John Paul Fredericks; James Richard Ostraco, Appellants, v. M. Wayne Huggins, Appellee, 711 F.2d 31 (4th Cir. 1983)Annotate this Case
Gregg H. Levy, Washington, D.C. (Peter J. Nickles, Catherine W. Brown, Covington & Burling, Washington, D.C., Chris Beatley, Stanton & Beatley, Alexandria, Va., on brief), for appellants.
John J. Brandt, Arlington, Va. (Robert S. Corish, Slenker, Brandt, Jennings & Johnston, Arlington, Va., on brief), for appellee.
Before MURNAGHAN, SPROUSE and ERVIN, Circuit Judges.
MURNAGHAN, Circuit Judge:
John Paul Fredericks and James Richard Ostraco ("the detainees") seek reversal of a district court order dismissing their claims for declaratory, injunctive and compensatory relief under 42 U.S.C. § 1983. The detainees claim that while they were held in pretrial detention they were unconstitutionally denied methadone detoxification and thus forced to undergo "cold turkey" withdrawal from their heroin addiction. The damage aspect of the case was submitted to a jury before a magistrate. The jury found in the defendant sheriff's favor. The magistrate recommended a denial of any injunctive or declaratory relief.
Both Fredericks and Ostraco were detained at the Fairfax County Jail in the fall of 1981. At the time of their admission to the jail, both were participating in methadone maintenance programs for their heroin addiction. When Ostraco was first detained he informed a jail official and a member of the jail's medical staff of his participation in the Alexandria methadone treatment program. He requested methadone detoxification several times, but was denied it. Within a day of his incarceration, he began experiencing withdrawal symptoms; the symptoms are alleged to have lasted twenty-five days. Although Ostraco was not given any medication nor seen by the jail physician he was observed daily by paramedical personnel who monitored his vital signs and general condition. On Fredericks' arrival at the jail, he informed the booking officer and a paramedic of his participation in the methadone maintenance program at the Trust Clinic, in Washington, D.C.; his request to contact the program was denied. Fredericks had withdrawal symptoms varying in their severity, for approximately four weeks. Jail personnel refused to detoxify him, but gave him Tylenol several times during his stay. Paramedics monitored his vital signs.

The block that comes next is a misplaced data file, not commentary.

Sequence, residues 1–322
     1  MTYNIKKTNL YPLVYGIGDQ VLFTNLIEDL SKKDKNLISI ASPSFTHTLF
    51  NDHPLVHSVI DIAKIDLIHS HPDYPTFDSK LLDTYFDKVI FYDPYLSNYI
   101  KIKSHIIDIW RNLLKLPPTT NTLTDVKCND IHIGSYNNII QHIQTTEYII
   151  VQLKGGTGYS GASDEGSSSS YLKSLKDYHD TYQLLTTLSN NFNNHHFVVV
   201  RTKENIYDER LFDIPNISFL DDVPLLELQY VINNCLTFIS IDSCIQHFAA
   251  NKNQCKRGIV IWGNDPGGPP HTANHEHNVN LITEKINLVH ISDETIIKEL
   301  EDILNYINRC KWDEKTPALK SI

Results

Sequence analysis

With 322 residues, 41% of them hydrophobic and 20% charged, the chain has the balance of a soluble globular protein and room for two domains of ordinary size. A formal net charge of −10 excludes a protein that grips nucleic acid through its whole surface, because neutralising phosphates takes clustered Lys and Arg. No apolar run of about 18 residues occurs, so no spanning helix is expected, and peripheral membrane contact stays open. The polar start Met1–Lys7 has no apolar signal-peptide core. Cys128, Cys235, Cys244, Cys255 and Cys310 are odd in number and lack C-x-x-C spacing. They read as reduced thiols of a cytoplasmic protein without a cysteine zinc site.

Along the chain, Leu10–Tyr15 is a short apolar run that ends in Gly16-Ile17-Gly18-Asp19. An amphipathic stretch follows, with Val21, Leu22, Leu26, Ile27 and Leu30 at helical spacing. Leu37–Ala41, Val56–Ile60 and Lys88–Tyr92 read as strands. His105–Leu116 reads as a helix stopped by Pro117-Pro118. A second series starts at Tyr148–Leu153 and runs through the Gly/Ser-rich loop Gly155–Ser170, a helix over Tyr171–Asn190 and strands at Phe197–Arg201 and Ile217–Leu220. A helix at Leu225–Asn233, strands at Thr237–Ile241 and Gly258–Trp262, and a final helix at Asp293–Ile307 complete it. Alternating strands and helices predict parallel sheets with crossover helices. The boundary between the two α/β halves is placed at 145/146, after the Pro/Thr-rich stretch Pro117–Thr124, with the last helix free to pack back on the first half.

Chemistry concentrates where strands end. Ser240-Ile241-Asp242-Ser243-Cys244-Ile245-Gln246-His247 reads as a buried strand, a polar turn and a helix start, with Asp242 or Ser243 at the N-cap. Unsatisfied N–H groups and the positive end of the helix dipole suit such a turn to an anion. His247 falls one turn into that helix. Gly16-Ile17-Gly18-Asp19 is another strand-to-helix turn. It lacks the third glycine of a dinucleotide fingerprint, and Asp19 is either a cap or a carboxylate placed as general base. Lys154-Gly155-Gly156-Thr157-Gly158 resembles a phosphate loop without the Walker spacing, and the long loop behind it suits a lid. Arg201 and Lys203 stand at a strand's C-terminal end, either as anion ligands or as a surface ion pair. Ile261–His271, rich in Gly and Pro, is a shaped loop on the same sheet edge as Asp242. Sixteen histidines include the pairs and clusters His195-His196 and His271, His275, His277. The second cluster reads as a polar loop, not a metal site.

The detainees assert that they underwent severe symptoms attributable to withdrawal from methadone. The sheriff's evidence completely contradicted that assessment. In its de novo review, the district court stated:
The plaintiffs testified to severe withdrawal symptoms. The jail personnel to the contrary. Given the tendency of a drug dependent person to exaggerate his or her symptoms in order to obtain drugs, the court is inclined to accept the jail personnel's testimony, as did the magistrate. Whether the jury did is speculation, since its verdict could have been based on other considerations. The jury's verdict is certainly not inconsistent with this view.
The detainees first contend that the jail's refusal to allow them to be detoxified and forcing them instead to undergo cold turkey withdrawal constituted unconstitutional punishment. In Bell v. Wolfish, 441 U.S. 520, 99 S. Ct. 1861, 60 L. Ed. 2d 447 (1979), the Supreme Court enunciated the standard for determining the constitutionality of conditions of pretrial confinement. Although the Court held that a detainee may be subjected to only such "restrictions and conditions" of confinement as "do not amount to punishment, or otherwise violate the Constitution," id. at 536-37, 99 S. Ct. at 1873, the Court delineated its view as to what in fact would be deemed punitive:
Not every disability imposed during pretrial detention amounts to "punishment" in the constitutional sense .... Restraints that are reasonably related to the institution's interest in maintaining jail security do not, without more, constitute unconstitutional punishment ....
Id. at 537, 540, 99 S. Ct. at 1873, 1874.
Here the sheriff did express his security concern about introducing methadone into the Fairfax County Jail. " [J]ail authorities have a legitimate security concern in limiting exposure of inmates to drugs, even those administered on a controlled basis." See Inmates of Allegheny County Jail v. Pierce, 612 F.2d 754, 761 (3d Cir. 1979). Moreover, "in the absence of substantial evidence in the record to indicate that the officials have exaggerated their response to [security] considerations, courts should ordinarily defer to [jail officials'] judgment in such matters." Bell v. Wolfish, 441 U.S. at 548, 99 S. Ct. at 1879. The fact that other jails in Virginia have instituted programs whereby personnel from local clinics come and administer liquid methadone in the presence of jail officials is not determinative of the particular security needs of the Fairfax County Jail. Sheriff Huggins cited a number of problems with allowing outside personnel into the jail to administer the methadone.